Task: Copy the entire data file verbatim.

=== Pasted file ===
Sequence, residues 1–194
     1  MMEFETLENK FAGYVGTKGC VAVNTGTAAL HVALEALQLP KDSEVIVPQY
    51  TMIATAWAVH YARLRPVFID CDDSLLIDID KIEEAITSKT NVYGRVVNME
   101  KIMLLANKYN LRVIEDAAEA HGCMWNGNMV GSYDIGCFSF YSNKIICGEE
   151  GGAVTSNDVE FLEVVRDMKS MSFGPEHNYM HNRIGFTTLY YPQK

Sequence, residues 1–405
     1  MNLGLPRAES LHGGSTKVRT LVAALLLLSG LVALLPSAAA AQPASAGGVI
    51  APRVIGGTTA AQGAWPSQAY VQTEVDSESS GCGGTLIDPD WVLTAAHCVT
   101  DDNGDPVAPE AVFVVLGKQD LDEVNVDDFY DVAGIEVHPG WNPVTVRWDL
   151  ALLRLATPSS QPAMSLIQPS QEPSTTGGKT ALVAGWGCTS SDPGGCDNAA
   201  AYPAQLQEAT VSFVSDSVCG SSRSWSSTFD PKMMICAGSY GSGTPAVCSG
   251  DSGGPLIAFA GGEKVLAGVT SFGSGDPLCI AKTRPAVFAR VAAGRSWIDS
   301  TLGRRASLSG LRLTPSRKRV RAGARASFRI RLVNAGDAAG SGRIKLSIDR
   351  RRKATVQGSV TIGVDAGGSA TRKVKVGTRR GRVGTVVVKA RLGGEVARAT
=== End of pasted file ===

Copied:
Sequence, residues 1–194
     1  MMEFETLENK FAGYVGTKGC VAVNTGTAAL HVALEALQLP KDSEVIVPQY
    51  TMIATAWAVH YARLRPVFID CDDSLLIDID KIEEAITSKT NVYGRVVNME
   101  KIMLLANKYN LRVIEDAAEA HGCMWNGNMV GSYDIGCFSF YSNKIICGEE
   151  GGAVTSNDVE FLEVVRDMKS MSFGPEHNYM HNRIGFTTLY YPQK

Sequence, residues 1–405
     1  MNLGLPRAES LHGGSTKVRT LVAALLLLSG LVALLPSAAA AQPASAGGVI
    51  APRVIGGTTA AQGAWPSQAY VQTEVDSESS GCGGTLIDPD WVLTAAHCVT
   101  DDNGDPVAPE AVFVVLGKQD LDEVNVDDFY DVAGIEVHPG WNPVTVRWDL
   151  ALLRLATPSS QPAMSLIQPS QEPSTTGGKT ALVAGWGCTS SDPGGCDNAA
   201  AYPAQLQEAT VSFVSDSVCG SSRSWSSTFD PKMMICAGSY GSGTPAVCSG
   251  DSGGPLIAFA GGEKVLAGVT SFGSGDPLCI AKTRPAVFAR VAAGRSWIDS
   301  TLGRRASLSG LRLTPSRKRV RAGARASFRI RLVNAGDAAG SGRIKLSIDR
   351  RRKATVQGSV TIGVDAGGSA TRKVKVGTRR GRVGTVVVKA RLGGEVARAT